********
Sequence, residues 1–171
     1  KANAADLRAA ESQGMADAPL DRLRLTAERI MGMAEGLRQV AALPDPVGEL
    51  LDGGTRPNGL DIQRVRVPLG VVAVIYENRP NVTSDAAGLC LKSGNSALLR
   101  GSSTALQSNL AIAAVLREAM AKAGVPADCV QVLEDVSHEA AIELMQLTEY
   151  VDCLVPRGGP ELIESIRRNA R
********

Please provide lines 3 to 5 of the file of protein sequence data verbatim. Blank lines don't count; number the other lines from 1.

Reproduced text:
    51  LDGGTRPNGL DIQRVRVPLG VVAVIYENRP NVTSDAAGLC LKSGNSALLR
   101  GSSTALQSNL AIAAVLREAM AKAGVPADCV QVLEDVSHEA AIELMQLTEY
   151  VDCLVPRGGP ELIESIRRNA R